new programs and plans

New programs, new practices needed

While exciting, these opportunities present the industry with a diverse set of challenges. The technology required for electric aircraft and autonomous air taxis increases the level of complexity in all phases of development, design and manufacturing. Companies that embrace and learn to harness the complexity will gain a competitive advantage. Thus, establishing a modern, holistic and integrated approach to program management and execution up and down the value chain, via the digital thread, is critical to success.

Siemens is the only global company with the digital software and domain expertise to turn this latest technology disruption into an operating advantage. Our solutions drive innovation and optimize the future today, which is why top aerospace manufacturers trust our unique vision. We have the technology that enables aerospace manufacturers to better predict performance and optimize their production to win more business, meet performance and compliance requirements and effectively deliver on their programs in a proven and secure manner. 

Now you know a bit more on how Siemens is addressing digital disruption. In my next blog, we’ll discuss how companies that have made the jump to digitalization are realizing the benefits they expected.

…More on program planning and execution – listen to our just-released podcast below!

Check out our new on-demand webinar

In this webinar “Integrated Program Planning and Execution for Aerospace and Defense” we’ll go into greater detail on what successful program management entails during these challenging times of increased complexity. What is the role of the digital thread during the competitive bid process? How does the digital thread integrate cost, schedule, risk and requirements into a fully thought-out solution? Join me and discover how digitalization is changing program planning and execution throughout the A&D industry.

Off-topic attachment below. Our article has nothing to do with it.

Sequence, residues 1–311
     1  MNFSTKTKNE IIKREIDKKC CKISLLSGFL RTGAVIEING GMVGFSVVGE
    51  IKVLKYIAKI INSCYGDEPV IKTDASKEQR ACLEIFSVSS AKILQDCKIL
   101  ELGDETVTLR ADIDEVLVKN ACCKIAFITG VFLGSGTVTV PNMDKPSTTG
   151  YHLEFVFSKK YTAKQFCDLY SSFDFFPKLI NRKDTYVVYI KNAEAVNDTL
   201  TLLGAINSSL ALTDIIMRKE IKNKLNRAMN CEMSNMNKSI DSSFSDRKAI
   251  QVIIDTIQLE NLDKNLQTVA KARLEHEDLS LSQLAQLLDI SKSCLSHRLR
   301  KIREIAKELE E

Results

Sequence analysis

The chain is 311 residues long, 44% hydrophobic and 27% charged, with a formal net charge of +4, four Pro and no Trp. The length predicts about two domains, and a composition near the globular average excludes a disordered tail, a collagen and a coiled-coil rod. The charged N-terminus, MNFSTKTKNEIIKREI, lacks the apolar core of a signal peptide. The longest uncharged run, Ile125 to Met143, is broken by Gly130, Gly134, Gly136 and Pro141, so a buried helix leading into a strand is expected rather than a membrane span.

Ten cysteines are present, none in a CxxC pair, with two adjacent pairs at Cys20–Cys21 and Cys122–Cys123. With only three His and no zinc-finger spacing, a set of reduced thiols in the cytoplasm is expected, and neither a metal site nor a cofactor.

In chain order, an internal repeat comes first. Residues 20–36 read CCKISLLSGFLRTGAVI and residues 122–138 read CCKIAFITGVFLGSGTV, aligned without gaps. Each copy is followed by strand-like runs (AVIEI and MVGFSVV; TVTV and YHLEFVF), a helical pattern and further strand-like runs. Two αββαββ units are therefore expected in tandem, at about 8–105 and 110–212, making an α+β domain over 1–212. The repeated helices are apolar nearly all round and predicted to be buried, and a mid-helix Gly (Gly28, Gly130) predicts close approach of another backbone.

For even more detailed information on aerospace integrated program planning and execution, I urge you to download this white paper.

This completes the first blog in a three-part series on the Aerospace and Defense Industry The theme of this series is how, during this time of intense innovation in the industry and digital disruption, you can turn digitalization into your friend and ally. You can read my blog #2 here.

About the author: Dale Tutt is the Vice President of Aerospace and Defense Industry, for Siemens PLM Software. He is responsible for defining the overall Aerospace and Defense industry strategy for Siemens PLM, driving specific industry requirements into software products and solutions, and working with the Marketing team to define industry-specific market solutions for Aerospace and Defense customers.  Dale has 30 years of experience in engineering design, development, and program leadership within the Aerospace industry.


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This article first appeared on the Siemens Digital Industries Software blog at